I was very skeptical that I was taking a big gamble on what everyone says is "such excellent stock suspension", but after spending 700 bucks, I would say that aside from the TM40 carb, this was the single best thing you could do to the bike. I'm so convinced, that I'm pretty sure the first mod I make to any future bike will be to send my suspension to Jim again.

    So...GO FOR IT..you won't be sorry!!! Just be sure to get it done by someone who knows what they are doing, and are willing to spend the time to understand your needs.

    If you want, I can transcribe all the specs from my "personl spec. sticker" that Jim taped to my fork tube.

    Anyone over 200lbs would benefit FOR SURE. I was borderline on Jim recommending a stiffer rear spring for me, so for you bigger guys, I'm sure you're making your compression knobs work harder than they need to...

    Just IMHO....

    Cheers folks!
    #18
  19. Mack

    Mack Gone, but never forgotten. RIP, Mack...

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    Good info, thanks Flanny, guess I'd better loose some weight or start saving. :):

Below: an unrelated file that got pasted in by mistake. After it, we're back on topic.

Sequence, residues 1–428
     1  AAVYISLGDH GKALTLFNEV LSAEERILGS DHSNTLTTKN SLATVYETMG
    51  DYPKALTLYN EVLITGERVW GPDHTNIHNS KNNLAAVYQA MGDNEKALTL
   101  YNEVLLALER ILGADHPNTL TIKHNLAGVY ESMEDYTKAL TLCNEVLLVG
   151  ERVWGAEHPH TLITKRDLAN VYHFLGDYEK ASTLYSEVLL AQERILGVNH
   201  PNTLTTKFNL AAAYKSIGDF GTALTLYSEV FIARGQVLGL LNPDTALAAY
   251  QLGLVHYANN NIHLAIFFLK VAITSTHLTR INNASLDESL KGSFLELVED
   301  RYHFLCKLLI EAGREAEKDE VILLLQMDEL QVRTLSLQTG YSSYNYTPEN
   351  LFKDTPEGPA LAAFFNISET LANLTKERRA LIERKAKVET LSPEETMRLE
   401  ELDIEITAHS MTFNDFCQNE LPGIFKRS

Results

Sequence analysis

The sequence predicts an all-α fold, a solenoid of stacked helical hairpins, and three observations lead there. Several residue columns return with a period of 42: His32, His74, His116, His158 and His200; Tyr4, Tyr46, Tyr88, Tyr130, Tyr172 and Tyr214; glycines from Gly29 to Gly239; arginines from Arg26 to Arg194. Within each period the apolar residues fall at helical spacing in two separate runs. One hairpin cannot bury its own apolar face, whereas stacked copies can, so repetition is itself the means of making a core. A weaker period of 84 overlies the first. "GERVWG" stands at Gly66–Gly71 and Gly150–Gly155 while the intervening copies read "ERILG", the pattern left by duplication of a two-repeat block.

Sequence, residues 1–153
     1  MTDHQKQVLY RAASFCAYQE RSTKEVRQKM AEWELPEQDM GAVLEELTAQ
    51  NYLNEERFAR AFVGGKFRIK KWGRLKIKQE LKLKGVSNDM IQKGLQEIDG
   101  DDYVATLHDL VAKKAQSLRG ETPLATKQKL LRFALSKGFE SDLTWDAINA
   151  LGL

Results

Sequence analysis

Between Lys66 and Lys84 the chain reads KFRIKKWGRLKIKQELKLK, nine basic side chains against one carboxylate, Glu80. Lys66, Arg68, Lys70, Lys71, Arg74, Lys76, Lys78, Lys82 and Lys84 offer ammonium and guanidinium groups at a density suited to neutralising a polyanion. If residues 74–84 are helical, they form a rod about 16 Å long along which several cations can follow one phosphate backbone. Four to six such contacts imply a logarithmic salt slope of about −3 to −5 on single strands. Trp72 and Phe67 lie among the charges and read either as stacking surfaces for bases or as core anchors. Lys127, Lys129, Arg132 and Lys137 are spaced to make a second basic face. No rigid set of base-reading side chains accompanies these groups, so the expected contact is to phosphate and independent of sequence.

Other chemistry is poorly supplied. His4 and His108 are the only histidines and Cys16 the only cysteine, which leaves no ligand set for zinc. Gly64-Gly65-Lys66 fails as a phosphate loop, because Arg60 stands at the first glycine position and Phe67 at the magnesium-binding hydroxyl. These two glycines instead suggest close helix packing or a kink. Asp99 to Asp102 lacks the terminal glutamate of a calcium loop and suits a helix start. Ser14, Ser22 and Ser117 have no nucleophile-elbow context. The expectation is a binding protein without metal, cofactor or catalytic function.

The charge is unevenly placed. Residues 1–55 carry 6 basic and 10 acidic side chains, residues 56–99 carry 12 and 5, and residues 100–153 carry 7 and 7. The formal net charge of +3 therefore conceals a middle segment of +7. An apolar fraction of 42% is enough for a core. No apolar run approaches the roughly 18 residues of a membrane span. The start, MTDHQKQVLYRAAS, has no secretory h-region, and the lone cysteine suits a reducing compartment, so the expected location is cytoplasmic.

PS. Hope Charlie's doing ok. Man I feel for the guys on these last few stages.
    #19
  20. Flanny

    Flanny Flanny-it-up!

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    Yeah...I've been watching them both (Arredondo and Roseau) at every checkpoint as soon as I get up. The last two days look like they were awful, and today is huge as well...

    Both Charlie and Franscisco are listed as not having started this rmorning...looks like their Dakar is over...

    Bummer...

    But man...inspirationsal...those guys (Charlie especially) were fdoign so well before stage 7...
    #20